As a Pakistani I want to visit Israel, but my passport would not let me

Having lived in Pakistan almost all my life, I have only witnessed resentment and contempt for Israel from a common man to national leaders.

DEMONSTRATORS ATTEND an anti-Israel, anti-US rally in Karachi, Pakistan, in 2019.  (photo credit: AKHTAR SOOMRO / REUTERS)
DEMONSTRATORS ATTEND an anti-Israel, anti-US rally in Karachi, Pakistan, in 2019.
(photo credit: AKHTAR SOOMRO / REUTERS)
For the majority of people in Pakistan, Israel is no friend. It is an “apartheid state” that has the blood of millions of Palestinians on its hands. A wicked enemy that is responsible for the suffering, instability and bloodshed in the Middle East and even among some of their own! At least this is how Israel is perceived in the media and hard-liners in Pakistan, who happen to be men of influence. Israeli flags are burned in demonstrations frequently, a pro-Palestinian sentiment is rife and phrases like “yahoodi sazish” (Jewish conspiracy) are common and attributed to calamities and anti-state activities. People deemed anti-Pakistan too are not spared and labeled Israeli/Jewish agents. Religious and political parties use it as a derogatory term for opponents.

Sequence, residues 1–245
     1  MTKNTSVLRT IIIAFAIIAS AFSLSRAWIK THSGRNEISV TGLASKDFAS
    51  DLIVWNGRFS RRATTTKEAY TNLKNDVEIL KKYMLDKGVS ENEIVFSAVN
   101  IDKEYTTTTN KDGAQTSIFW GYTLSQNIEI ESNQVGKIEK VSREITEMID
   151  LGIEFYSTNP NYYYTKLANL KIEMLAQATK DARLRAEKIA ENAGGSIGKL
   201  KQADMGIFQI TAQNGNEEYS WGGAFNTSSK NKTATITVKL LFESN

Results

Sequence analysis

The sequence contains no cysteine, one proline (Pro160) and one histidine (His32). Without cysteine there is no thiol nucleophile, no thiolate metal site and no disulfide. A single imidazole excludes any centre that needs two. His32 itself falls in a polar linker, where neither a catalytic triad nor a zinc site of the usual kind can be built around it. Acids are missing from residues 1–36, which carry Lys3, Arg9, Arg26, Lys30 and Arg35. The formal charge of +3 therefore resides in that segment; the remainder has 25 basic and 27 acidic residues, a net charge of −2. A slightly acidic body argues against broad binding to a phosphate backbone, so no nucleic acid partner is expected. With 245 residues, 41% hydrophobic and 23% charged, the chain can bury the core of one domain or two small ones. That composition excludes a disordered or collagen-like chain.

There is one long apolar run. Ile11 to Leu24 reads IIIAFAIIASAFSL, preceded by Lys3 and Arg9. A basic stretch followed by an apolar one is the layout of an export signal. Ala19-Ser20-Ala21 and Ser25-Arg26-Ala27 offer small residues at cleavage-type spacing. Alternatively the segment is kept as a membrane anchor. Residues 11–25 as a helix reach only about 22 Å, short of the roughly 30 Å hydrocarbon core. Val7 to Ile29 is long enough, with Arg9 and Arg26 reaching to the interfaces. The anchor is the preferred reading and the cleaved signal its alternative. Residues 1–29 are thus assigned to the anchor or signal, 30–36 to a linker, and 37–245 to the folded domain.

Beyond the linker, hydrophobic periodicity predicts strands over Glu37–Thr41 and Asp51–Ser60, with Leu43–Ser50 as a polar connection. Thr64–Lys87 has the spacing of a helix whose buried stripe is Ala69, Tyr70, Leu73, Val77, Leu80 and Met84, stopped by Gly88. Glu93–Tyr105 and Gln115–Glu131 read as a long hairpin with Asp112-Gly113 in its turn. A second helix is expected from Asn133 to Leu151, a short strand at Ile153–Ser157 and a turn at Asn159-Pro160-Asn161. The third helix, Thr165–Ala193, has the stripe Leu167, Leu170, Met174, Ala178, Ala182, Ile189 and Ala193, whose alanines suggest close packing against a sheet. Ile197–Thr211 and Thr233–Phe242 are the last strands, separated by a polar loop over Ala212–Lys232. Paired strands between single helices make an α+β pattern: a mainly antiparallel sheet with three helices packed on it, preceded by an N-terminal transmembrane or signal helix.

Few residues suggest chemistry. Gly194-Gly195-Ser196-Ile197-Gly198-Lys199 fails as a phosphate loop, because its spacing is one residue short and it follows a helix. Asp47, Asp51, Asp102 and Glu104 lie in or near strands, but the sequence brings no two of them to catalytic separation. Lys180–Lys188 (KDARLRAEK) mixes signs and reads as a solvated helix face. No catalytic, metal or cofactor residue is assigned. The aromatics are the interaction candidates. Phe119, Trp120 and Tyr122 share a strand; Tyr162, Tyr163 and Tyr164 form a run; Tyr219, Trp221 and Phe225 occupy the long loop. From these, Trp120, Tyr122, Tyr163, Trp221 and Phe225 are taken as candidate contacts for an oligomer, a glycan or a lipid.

Having lived in Pakistan almost all my life, I have only witnessed resentment and contempt for Israel from a common man to national leaders. While the Palestinian cause is one of the prime reasons for this massive opposition against the Jewish state, some of the hate is hypocritical, exaggerated and antisemitic – radical Muslims believe that Jews can’t be friends – that has been long fostered and exploited. And it has only increased my fascination for the country that, despite not being in close proximity to Pakistan, still comes under discussion and scrutiny every now and then. This intrigue to know more about Israel and even see it in person is fueled by my passport that prevents me from visiting it. “This passport is valid for all countries of the world except Israel,” it categorically states. More specifically, since Pakistan does not recognize the State of Israel, its citizens cannot travel there on a Pakistani passport, unless, of course, if they possess another one, which isn’t the case for many “free citizens.’’
Being a journalism student with a penchant for history and an interest in global affairs, it should come as no surprise that Israel caught my attention very early on. I had imagined it to be a place with historic attractions in abundance, a land of old traditions. Tel Aviv, its major metropolis, seemed vibrant. Being sacred and a flashpoint for unrest for years in the Middle East, just reading about Jerusalem, in particular, absolutely blew my mind! After visiting Mecca and the Vatican and experiencing their divinity and holiness, the stunning Dome of Rock, Temple Mount and Western Wall and other major sites of immense significance to Abrahamic religions feel like places to see in one’s lifetime. In my professional life, I found myself engrossed in editing articles that dealt with the Israeli-Palestine conflict – an indication that I might have developed a profound connection with the Holy Land! And then came Fauda , an Israeli series on Netflix revolving around the same long drawn conflict, shot in Israel and featuring Israeli actors, which took my fascination for this country to new heights.